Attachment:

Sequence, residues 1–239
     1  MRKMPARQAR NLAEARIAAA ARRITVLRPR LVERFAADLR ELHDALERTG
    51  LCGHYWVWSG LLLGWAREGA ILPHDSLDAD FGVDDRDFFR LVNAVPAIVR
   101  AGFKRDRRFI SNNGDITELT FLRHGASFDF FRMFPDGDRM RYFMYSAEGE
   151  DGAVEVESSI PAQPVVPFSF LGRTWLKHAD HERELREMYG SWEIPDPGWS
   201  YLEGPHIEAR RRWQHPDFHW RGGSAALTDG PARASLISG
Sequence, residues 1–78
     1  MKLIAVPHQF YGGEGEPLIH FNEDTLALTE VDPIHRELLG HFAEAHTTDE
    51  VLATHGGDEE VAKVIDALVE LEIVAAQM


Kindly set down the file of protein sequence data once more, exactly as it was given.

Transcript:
Sequence, residues 1–239
     1  MRKMPARQAR NLAEARIAAA ARRITVLRPR LVERFAADLR ELHDALERTG
    51  LCGHYWVWSG LLLGWAREGA ILPHDSLDAD FGVDDRDFFR LVNAVPAIVR
   101  AGFKRDRRFI SNNGDITELT FLRHGASFDF FRMFPDGDRM RYFMYSAEGE
   151  DGAVEVESSI PAQPVVPFSF LGRTWLKHAD HERELREMYG SWEIPDPGWS
   201  YLEGPHIEAR RRWQHPDFHW RGGSAALTDG PARASLISG
Sequence, residues 1–78
     1  MKLIAVPHQF YGGEGEPLIH FNEDTLALTE VDPIHRELLG HFAEAHTTDE
    51  VLATHGGDEE VAKVIDALVE LEIVAAQM